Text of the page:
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Michael Friendly

American psychologist

Michael Friendly (born 1945) is an American psychologist, Professor of Psychology at York University in Ontario, Canada, and director of its Statistical Consulting Service, especially known for his contributions on the history of data and information visualisation.

QuotesEdit

 
The graphic portrayal of quantitative information has deep roots. These roots reach into histories of thematic cartography, statistical graphics, and data visualization, which are intertwined with each other. -- Michael Friendly, 2008.
  • Many schools are now introducing computers into the educational curriculum. Within 10 years it is predicted that computers will play a significant role in every classroom in North America. The question is, how will they be used? Many educators have been focusing on the use of computers for drill and programmed instruction—to provide individualized practice and instruction in the usual curriculum areas. There is another use for computers in education which some educators, myself included, find more exciting. These involve using the computer:
• to provide an environment in which learning can be intrinsically motivating and fun.
• to allow children to discover, explore and create knowledge.
• to help develop skills of thinking and problem solving.
• to make some of the most powerful ideas of the burgeoning computer culture accessible and tangible to children at an early age.
If you have ever watched a child playing good video games or if you play them yourself, then you know the powerful motivation that graphics displays can create. As I’ve watched children play these games, every bit of their attention focused on the screen, I’ve often thought how wonderful it would be to harness this motivation and channel it toward intellectual growth and learning...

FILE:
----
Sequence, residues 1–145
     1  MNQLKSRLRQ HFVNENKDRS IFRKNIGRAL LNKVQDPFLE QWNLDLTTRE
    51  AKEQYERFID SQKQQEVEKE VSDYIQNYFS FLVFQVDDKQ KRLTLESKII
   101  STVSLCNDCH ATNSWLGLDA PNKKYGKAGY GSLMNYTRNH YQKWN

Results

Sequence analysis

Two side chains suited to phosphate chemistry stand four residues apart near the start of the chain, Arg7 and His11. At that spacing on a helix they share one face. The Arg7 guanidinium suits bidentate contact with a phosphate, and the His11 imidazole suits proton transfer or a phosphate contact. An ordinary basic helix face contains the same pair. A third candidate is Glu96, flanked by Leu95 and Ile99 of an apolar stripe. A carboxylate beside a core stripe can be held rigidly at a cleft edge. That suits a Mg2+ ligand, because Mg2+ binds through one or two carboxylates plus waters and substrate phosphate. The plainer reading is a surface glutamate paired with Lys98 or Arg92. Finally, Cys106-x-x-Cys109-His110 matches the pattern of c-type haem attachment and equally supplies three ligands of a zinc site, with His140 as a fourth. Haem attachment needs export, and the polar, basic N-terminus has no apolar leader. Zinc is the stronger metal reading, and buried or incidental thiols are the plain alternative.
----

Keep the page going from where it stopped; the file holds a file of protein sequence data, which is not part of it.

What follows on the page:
• Michael Friendly. Advanced Logo: A Language for Learning. Lawrence Erlbaum Associates, Inc. 1988. Preface
  • It is common to think of statistical graphics and data visualization as relatively modern developments in statistics. In fact, the graphic representation of quantitative information has deep roots. These roots reach into the histories of the earliest map-making and visual depiction, and later into thematic cartography, statistics and statistical graphics, medicine, and other fields. Along the way, developments in technologies (printing, reproduction) mathematical theory and practice, and empirical observation and recording, enabled the wider use of graphics and new advances in form and content.
  • The graphic portrayal of quantitative information has deep roots. These roots reach into histories of thematic cartography, statistical graphics, and data visualization, which are intertwined with each other. They also connect with the rise of statistical thinking up through the 19th century, and developments in technology into the 20th century. From above ground, we can see the current fruit; we must look below to see its pedigree and germination. There certainly have been many new things in the world of visualization; but unless you know its history, everything might seem novel.

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